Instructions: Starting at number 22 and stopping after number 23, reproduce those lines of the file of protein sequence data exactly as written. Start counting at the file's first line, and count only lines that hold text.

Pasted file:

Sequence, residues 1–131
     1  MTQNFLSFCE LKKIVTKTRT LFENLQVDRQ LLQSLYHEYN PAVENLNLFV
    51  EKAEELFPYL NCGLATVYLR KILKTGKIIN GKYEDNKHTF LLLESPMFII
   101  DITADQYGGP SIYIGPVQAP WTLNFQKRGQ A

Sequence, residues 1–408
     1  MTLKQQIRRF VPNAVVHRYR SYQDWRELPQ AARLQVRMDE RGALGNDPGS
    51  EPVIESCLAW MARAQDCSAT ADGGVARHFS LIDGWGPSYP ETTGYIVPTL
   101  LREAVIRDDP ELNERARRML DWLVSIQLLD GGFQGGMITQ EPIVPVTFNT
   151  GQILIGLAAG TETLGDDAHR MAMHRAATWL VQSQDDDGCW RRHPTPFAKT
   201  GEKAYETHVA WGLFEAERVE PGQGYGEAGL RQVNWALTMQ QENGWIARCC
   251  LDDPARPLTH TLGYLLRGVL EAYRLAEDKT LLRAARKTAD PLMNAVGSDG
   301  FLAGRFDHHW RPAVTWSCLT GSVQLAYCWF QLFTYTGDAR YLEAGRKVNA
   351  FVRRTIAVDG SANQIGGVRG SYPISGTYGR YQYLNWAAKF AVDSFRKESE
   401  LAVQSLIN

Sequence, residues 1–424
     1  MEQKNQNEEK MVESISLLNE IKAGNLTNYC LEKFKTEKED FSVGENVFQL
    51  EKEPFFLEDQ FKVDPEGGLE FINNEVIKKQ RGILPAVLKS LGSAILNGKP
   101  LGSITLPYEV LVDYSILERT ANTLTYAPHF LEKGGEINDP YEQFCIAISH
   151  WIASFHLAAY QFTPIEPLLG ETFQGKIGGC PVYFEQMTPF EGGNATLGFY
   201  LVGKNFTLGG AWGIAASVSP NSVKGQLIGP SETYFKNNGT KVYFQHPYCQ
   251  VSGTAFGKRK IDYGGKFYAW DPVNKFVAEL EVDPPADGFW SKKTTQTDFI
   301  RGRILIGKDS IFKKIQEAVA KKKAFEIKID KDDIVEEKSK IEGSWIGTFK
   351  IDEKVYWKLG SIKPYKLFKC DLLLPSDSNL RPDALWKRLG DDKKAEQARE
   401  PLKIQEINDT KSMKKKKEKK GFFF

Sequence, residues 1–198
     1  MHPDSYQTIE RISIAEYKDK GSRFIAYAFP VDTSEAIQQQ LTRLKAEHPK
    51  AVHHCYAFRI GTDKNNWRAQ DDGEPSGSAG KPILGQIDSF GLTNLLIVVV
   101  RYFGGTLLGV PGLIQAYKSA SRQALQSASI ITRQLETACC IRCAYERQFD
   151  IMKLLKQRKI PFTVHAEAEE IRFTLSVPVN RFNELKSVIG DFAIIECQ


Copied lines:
   301  RGRILIGKDS IFKKIQEAVA KKKAFEIKID KDDIVEEKSK IEGSWIGTFK
   351  IDEKVYWKLG SIKPYKLFKC DLLLPSDSNL RPDALWKRLG DDKKAEQARE